In order to possess someone now, we think of contracts. The philosopher and lifelong bachelor Immanuel Kant talked about marriage—without any kinkiness, we presume—as the mutual ownership of each other's sexual organs. We have more romantic notions, however. For us, marriage is about two things: love, and a legal relationship. But this is a confused idea. Love shouldn't be about the sanction of the state. At most it should be an affirmation of the community, and not just the couple. But this is not a legal matter as much as a communal matter.

So here is what we should do: Instead of worrying about who should be considered married according to the state, and who should not, we need to get the state out of the concept of “marriage.” To protect people's rights when they are sharing property, we should have domestic contracts covering anything we would like regarding what we previously regarded as marriage. Gay or straight should be able to enter into such contracts. All of the other mystical union-of-bodies stuff we should just leave to the churches, and all of that sentimental love stuff we should just leave to the greeting card industry.

--Tadd Ruetenik


  1. Great work. Also, I'm convinced Tadd just loves to turn our smug expectations on their head.

  2. I have always pondered why marriage is so "moral". It seems like a complete contradiction on the word "love".
    I enjoyed your thoughts.

    1. Indeed. I think the morality of marriage--or at least the spirituality of it--are not bad ideas. The state is just not suited to promote that. If she wants to think of it as a spiritual union between only man and woman, she is free to do so, and fight homosexual marriage in a church setting.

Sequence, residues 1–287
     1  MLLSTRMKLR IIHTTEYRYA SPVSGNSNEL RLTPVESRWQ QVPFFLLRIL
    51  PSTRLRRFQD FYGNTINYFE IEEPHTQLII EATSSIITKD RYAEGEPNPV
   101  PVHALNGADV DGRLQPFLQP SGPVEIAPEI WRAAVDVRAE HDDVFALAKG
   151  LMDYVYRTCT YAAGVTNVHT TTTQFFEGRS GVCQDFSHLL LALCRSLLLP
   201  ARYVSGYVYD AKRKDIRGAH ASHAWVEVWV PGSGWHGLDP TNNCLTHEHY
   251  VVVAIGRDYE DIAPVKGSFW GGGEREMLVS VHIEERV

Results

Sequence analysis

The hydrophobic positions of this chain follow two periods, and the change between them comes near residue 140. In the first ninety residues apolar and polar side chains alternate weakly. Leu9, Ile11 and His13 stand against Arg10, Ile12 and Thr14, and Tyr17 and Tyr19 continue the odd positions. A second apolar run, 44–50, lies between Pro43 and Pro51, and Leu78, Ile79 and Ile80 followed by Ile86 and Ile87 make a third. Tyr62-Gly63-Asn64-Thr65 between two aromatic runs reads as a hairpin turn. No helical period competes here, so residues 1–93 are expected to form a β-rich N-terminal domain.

On the other hand, one can almost see the legitimate part of the Christian anxiety about gay marriage here. If a private baker can be compelled to bake a gay wedding cake, then shouldn't a priest or pastor be compelled to perform a gay wedding? Should civil rights be enforced in the private sphere as well as the public? There are reasons for each answer, it seems to me.

  3. You're right, Tadd. It seems that the legal difference between the forceable gay wedding and gay wedding cake might be that one establishment is a church that requires no public license, while the other requires a public license to sell cakes.

    I've been very hesitant to condemn conscientious objectors since the implications are wide-ranging. On the other hand, the issue is somewhat analogous to the civil rights era: it would put a group of people into a permanent subclass even though our law (technically) forbids such things. I write "technically" because we both know that in practice our laws create many subclasses, and I worry that part of the success of the gay rights movement is power and appeal, whereas anti-poverty movements just don't have that to the same extent.

    It's a mess, I say, whereas many in the debate think it's clear. I would defer, and I'm getting that sense from you.

    1. I didn't consider the matter of the public license. That certainly makes a difference legally. Perhaps the tax exempt status could be used against churches, but that seems a stretch.